Don’t be stingy with the budget when the purpose of the camera is clearly one that requires significant financial investment to be made. Buying a cheap camera just as a ‘stop-gap’ is never going to be a cost effective solution, even in the long run.

After all, who continues using something when it does not offer any acceptable offerings in return? Save yourself the hassle and heartache by making sure you spend what is necessary for what you need.

Technology can get old very very quickly.

DO : Find a camera that you’re comfortable with.

User-friendliness is king when it comes to consumer products. If you’re not sure how it works, if you’re unclear as to how the functions are manipulated, and if you’re vague on the idea of changing settings, then move on and find a camera that you can get along with.

Some degree of education is always necessary when it comes to technology, so don’t expect to find something that you’ll be 100% okay with straight away. However, if you can find something that’s easy to live with, by all means, go for it!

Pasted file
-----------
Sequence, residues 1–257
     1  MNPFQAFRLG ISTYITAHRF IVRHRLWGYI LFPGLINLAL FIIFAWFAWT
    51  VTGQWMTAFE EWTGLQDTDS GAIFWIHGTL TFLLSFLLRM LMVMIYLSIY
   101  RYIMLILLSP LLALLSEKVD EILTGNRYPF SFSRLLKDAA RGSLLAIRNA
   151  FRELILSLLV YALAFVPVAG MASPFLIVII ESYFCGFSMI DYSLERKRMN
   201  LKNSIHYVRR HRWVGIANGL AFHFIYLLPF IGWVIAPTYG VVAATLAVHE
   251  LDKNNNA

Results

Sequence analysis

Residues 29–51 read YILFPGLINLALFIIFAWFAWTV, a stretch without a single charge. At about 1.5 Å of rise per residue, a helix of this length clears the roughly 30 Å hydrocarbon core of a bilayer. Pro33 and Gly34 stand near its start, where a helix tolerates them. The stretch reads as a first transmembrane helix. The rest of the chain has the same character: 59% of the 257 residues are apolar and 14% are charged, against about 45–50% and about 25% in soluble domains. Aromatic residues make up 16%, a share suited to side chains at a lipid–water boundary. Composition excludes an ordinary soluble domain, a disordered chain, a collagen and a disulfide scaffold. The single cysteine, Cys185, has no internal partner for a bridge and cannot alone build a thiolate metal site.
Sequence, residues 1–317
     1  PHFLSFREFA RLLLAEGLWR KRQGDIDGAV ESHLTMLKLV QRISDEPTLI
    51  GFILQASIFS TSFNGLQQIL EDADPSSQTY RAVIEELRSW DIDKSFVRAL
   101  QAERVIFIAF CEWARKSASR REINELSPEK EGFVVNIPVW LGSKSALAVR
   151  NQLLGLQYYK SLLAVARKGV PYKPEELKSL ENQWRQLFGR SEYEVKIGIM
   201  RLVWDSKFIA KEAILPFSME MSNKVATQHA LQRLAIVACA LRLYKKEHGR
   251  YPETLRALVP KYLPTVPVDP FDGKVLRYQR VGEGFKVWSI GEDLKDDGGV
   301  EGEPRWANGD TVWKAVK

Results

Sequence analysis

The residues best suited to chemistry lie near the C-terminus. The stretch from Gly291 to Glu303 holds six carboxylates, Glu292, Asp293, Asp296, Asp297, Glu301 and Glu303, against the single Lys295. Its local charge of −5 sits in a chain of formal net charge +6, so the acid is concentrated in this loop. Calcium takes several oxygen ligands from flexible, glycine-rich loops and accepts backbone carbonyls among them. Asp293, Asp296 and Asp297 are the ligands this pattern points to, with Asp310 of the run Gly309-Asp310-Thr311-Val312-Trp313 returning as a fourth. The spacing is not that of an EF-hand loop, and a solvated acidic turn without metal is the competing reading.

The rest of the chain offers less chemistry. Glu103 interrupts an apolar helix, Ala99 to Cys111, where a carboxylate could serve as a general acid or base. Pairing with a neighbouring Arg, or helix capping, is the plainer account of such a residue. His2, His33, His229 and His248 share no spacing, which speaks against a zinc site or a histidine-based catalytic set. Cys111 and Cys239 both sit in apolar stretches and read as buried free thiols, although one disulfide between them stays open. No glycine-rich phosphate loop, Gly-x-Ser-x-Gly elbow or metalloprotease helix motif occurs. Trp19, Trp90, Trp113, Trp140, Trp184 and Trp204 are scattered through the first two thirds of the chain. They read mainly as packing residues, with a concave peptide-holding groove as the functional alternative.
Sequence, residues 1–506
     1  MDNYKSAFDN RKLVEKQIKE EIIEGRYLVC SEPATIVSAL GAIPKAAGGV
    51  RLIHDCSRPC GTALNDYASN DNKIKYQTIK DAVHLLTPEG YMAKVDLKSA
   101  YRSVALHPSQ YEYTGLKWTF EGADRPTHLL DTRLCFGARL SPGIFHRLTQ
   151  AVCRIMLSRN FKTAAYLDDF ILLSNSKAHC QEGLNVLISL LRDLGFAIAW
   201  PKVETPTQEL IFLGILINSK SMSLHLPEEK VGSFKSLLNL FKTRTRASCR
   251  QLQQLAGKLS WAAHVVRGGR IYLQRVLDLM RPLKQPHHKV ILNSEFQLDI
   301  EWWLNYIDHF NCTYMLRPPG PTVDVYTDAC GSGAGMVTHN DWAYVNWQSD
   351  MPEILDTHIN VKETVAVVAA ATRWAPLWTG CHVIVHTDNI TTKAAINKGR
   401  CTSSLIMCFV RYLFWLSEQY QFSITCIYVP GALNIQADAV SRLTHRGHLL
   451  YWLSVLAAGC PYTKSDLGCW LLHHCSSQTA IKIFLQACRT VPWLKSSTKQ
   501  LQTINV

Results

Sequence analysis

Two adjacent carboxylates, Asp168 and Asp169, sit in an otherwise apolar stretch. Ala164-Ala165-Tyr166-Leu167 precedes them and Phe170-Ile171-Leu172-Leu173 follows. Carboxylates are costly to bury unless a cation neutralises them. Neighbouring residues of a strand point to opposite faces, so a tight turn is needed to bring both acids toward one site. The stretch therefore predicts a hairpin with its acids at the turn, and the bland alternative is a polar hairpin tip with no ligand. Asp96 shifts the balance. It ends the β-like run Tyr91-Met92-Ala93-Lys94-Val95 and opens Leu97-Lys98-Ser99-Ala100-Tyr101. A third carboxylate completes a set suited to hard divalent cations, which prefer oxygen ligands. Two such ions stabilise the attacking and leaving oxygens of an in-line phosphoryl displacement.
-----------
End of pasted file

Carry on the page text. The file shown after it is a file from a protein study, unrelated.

In conclusion

So there you have it, some simple dos and don’ts for buying a digital camera. It’s a simple enough choice if you follow the above-mentioned guidelines, and should stand you in good stead, regardless of which price bracket you’re aiming for. Ultimately, this is about your experience with your new digital toy, so make sure it’s a lasting and enjoyable one.

Happy shopping!

Guest post: This article is written is by Syed Rafie who is working as a writer and editor at Malaysia’s largest online shopping mall, Lazada Malaysia. Follow him on Twitter at @origamiblade.

Image Credits: USACE Europe District and potzuyoko.

31 Flares Twitter 21 Facebook 5 Google+ 3 Pin It Share 2 31 Flares ×

, ,

No comments yet.

Add a comment

31 Flares Twitter 21 Facebook 5 Google+ 3 Pin It Share 2 31 Flares ×